Two weeks ago, Dinesh D’Souza’s documentary “2016: Obama’s America” passed Al Gore’s “An Inconvenient Truth” for second place on the all-time box-office money list for political documentaries. It now has a box office gross of more than $32 million. But if you’re an independent or a liberal who’s unplugged from conservative websites and talk radio, you’d never know.

You didn’t see D’Souza on CBS or NBC (although he showed up on ABC’s “Nightline” in late night). There were no cover stories in Time or Newsweek. The film opened on just one screen in Houston when it premiered on July 13, and then spread to 10, and eventually to 1,000 theaters in August and 2,000 theaters in September. A cultural sensation, yes – but somehow not newsworthy.



Al Gore was nowhere to be seen at the Democratic National Convention in Charlotte earlier this month, but an email message sent out Saturday indicates he's stepping into the fray.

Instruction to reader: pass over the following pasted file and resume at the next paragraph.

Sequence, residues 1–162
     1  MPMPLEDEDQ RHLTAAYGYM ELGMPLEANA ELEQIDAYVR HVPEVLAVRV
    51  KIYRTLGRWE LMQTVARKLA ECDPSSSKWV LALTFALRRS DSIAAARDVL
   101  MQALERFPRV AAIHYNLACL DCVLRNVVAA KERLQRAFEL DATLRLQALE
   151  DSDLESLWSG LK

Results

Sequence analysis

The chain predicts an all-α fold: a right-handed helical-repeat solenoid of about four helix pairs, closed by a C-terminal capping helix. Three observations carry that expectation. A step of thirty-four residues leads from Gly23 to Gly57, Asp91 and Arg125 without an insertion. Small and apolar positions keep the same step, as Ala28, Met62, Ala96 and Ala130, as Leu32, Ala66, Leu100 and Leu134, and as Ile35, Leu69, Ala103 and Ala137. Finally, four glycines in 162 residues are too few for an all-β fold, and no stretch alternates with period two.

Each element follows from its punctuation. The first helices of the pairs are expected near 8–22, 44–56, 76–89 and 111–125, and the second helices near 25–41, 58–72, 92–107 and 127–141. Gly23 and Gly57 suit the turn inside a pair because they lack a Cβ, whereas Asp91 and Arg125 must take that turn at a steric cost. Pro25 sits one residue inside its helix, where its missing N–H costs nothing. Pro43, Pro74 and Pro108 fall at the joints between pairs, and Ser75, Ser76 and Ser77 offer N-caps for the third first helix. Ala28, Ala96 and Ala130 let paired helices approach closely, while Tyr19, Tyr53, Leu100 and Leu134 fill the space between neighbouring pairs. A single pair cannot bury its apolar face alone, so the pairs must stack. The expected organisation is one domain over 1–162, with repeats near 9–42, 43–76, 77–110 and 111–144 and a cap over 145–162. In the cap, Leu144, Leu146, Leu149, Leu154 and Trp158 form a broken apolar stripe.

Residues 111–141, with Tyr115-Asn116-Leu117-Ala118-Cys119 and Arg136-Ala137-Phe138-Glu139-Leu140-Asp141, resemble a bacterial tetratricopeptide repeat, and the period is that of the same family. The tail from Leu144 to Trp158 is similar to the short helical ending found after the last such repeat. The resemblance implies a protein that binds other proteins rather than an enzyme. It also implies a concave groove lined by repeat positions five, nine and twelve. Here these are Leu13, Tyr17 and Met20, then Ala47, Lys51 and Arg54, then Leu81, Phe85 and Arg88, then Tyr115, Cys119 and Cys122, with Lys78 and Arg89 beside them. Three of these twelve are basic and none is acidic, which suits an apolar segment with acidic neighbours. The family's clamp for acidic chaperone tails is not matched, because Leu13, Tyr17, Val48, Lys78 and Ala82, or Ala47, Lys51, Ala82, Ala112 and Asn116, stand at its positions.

The Huffington Post reported moments ago that a lunch with Gore and former Speaker of the House Nancy Pelosi (D-Calif.) is being offered as a prize for new contributions to the Democratic Congressional Campaign Committee.



If you had any doubts about the level of zealotry involved in today's global warming movement, they likely will be erased by the goings on at PBS the past few days.

Since allowing well-known climate realist Anthony Watts on NewsHour Monday to voice his views on this controversial issue, PBS has been under attack for doing so (videos follows with transcripts and commentary).



We really have entered an alternate reality.